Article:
Why is it difficult to answer accurately “Exactly who is a Native Hawaiian?” Why does the answer to the question matter – both in everyday life in Hawaii and to us as we think about the realities of social identities?
Well, it’s probably difficult because what are the best tools you could use to discern that tends to complicate the issue then give you a clear answer. Genetics Has allowed us to find connections between animals we thought had gone long extinct and existent species. but when applied to humans it just makes things a whole lot more confusing. One of the people who read a project to find native Hawaiians even caution against using genetics to find them. “Yet she cautioned against using genetics to determine ethnicity. “I get people coming up to me all the time and saying, “Can you prove that I’m a Hawaiian?” PRA 40
If the concept of race has no genetic basis, why does it persist in society? What economic, political and/or cultural functions does it play that keep it alive? This is a Text+ME question.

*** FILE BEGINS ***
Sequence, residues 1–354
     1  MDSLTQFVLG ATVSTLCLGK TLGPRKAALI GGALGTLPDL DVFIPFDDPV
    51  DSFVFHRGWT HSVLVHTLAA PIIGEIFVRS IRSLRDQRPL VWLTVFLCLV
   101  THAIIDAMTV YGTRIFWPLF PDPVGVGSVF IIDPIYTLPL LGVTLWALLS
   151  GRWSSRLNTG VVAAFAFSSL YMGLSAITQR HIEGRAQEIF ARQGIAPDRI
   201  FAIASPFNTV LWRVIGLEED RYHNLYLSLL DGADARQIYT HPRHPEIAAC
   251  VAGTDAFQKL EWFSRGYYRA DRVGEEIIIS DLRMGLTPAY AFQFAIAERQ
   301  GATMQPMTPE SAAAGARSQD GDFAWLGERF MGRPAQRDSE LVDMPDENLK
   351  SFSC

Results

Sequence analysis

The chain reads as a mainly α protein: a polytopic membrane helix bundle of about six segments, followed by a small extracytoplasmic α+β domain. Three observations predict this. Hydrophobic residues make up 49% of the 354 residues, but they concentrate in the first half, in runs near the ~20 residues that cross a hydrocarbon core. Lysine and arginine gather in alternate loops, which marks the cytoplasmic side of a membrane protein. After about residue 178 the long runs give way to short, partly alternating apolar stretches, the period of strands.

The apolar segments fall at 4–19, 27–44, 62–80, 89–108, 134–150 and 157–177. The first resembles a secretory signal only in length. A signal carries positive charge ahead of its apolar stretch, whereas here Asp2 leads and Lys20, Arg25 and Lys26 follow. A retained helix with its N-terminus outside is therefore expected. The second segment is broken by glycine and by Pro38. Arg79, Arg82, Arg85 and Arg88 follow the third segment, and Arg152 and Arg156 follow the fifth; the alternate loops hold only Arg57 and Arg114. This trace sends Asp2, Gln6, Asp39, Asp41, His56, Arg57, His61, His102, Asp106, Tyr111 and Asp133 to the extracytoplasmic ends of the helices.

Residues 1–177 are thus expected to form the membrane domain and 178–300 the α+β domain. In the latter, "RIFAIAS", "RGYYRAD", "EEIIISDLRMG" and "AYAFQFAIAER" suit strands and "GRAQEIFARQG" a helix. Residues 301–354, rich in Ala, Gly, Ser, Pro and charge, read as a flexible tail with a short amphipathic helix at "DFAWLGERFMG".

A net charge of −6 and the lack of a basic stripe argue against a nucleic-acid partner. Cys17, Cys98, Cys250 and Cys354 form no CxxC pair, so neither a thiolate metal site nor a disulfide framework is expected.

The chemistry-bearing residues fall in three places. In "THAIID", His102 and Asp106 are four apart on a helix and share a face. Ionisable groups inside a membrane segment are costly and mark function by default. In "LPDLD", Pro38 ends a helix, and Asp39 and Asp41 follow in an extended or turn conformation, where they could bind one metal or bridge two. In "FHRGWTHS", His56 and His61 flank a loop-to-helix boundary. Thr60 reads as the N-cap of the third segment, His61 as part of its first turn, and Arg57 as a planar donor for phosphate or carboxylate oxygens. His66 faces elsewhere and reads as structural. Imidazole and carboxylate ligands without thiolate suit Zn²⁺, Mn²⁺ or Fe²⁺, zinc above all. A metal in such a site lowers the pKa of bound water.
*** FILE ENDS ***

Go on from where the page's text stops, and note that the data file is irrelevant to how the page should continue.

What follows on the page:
One of the social aspects keeping it alive is how wealth likes perpetuating and isolating itself. Olson Points this out “People of all ethnic backgrounds live side by side, just as they did in the camp towns. The only people who live in ghettos are the soldiers on military bases and wealthy haoles who wall themselves off in gated communities.” PRA 24. This is due to geographical barriers again improving as potent separators between groups. Another thing is the school barrier. When people grow up together, they tend to be more amenable to them no matter what social groups there from kid don’t care if you’re fun to play with. One way to get kids from different backgrounds to interact is to have them go to the same schools. One very vivid memory I have of is when I went to school in New York Public School in Queens. Now New York public schools have very mixed reputations, but from what I’m able to surmise the elementary schools were pretty good. Something the school would do every year was a culture day. On this day they would set up that she leaves him with budget tables and parents would volunteer to cook traditional dishes from their culture. You paid the admission fee and you were given a roll of like 5 tickets and you get to go to tables and sample some food and learn things about other people’s cultures. I remember all kinds of weird dishes from different cultures. I was especially excited because my mom had volunteered to cook Irish food since my family comes from a predominantly Irish background and that was not as common as It was in my high school. The first time I really realize this was when I was part of a modeling United Nations club in my high school and we were suggesting fundraiser ideas and I remembered the culture day. So, I suggested doing something like that with that the realization quickly dawned on me and everyone in the room that the school was not diverse enough to do such a thing. A major of the student body was from a roughly white European background, but when compared to the other high schools in the surrounding area we were the diverse school. Another economic divider is redlining which is extensively taken place in the nearby city of Bridgeport which really kept a lot of minorities in poverty in the city. Note I am stopping here Because if I don’t, I’ll be here all night.